And when it comes to the actual interview process, we can implement structured panel interviews that use a grading system to provide a 360 degree view of candidates. That way, hiring decisions aren’t made just by one or two people, but by many across different departments and roles in the company. This also allows candidates to be weighed on other competency factors instead of just by personality or from a first impression.

Many companies, and even entire states, are already fully aware of these issues around unconscious bias and have taken action.

Last year, Massachusetts Legislature passed the first equal pay law of its kind in the US. It prevents employers from asking candidates about their compensation history until after a job offer is made. Of course, candidates aren’t required to share that information. What this means is that a company can’t make an offer based on the previous salary of an applicant. Additionally, the law prevents companies from restricting conversations about salaries in the office.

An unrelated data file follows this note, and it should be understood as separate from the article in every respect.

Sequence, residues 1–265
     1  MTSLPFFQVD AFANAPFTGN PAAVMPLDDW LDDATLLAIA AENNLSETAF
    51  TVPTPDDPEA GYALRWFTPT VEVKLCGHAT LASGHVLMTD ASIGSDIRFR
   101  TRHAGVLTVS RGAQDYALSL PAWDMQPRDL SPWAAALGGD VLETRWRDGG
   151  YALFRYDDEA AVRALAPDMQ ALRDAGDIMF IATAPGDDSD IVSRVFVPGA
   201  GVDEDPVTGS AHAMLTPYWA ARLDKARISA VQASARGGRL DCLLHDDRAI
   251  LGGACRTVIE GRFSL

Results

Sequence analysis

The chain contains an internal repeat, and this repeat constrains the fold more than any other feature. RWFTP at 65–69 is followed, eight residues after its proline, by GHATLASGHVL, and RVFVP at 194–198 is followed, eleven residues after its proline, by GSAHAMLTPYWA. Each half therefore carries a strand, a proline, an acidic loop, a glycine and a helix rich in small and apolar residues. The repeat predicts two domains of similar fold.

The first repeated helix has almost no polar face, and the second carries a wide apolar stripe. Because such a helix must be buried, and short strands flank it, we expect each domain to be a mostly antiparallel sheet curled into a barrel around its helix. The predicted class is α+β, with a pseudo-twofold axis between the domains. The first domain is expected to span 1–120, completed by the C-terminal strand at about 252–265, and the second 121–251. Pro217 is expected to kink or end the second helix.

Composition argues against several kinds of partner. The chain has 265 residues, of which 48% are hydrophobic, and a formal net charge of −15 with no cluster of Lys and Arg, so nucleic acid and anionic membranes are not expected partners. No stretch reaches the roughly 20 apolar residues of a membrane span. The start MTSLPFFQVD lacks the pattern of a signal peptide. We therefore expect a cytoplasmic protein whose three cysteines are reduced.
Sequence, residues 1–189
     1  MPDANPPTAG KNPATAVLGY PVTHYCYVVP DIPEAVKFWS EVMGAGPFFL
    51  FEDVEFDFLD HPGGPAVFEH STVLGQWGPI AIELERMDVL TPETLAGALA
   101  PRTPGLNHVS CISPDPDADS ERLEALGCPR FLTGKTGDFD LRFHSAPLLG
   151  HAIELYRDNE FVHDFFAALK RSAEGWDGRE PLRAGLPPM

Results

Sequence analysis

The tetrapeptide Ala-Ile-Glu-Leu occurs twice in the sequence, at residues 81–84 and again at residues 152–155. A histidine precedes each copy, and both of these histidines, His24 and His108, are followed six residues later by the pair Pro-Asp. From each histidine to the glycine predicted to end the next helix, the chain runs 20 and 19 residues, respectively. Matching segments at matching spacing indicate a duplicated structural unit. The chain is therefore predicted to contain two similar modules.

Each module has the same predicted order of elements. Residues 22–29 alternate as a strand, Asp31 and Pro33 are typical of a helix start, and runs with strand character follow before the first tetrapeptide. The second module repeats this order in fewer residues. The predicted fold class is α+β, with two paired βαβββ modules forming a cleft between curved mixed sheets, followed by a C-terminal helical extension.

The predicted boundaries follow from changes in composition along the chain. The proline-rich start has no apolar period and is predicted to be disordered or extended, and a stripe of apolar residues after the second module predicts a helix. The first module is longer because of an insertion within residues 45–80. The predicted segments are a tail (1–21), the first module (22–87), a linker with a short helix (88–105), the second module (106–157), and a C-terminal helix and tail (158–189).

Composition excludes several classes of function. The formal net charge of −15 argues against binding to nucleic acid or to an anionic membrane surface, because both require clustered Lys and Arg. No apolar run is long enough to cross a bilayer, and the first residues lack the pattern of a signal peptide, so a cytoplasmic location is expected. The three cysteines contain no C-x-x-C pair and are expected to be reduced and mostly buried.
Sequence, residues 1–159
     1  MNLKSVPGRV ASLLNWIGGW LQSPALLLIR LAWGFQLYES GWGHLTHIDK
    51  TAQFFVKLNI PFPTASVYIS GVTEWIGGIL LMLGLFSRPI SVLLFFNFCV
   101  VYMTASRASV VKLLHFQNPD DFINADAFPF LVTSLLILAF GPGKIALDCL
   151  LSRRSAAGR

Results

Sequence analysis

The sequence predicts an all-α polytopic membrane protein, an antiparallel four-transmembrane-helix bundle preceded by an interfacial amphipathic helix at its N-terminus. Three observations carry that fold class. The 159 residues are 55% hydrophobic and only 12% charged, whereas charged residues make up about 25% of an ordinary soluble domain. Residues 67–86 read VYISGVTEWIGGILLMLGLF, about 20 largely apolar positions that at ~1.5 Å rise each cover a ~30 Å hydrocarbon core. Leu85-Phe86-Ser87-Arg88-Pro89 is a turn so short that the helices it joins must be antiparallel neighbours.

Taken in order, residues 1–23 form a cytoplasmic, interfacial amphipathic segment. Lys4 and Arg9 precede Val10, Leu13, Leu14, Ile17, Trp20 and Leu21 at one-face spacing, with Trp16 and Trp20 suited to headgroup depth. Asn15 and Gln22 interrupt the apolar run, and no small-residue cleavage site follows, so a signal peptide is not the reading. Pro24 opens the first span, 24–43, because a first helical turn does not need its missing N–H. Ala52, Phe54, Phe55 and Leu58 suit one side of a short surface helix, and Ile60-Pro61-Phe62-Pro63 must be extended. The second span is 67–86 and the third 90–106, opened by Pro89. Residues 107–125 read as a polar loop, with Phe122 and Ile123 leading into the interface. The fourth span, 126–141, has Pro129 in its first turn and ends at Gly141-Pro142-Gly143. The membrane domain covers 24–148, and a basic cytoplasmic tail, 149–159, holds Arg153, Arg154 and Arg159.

Google is paving the way for the elimination of unconscious bias in the hiring process. The company has candidates meet with several different staff members from different departments. Members in each interview could include people who will be working above them, below them and even someone who isn’t even in their department. Where possible, Google also uses a sample test to measure competency instead of just relying on face-to-face interviews.

We should all, at a minimum, look beyond the 10 seconds that make up our first impressions and get deeper into structured interviews that measure competencies and cognitive ability. By becoming aware of our unconscious biases and the way they affect our hiring decisions, we can come one step closer to fostering creativity and innovation.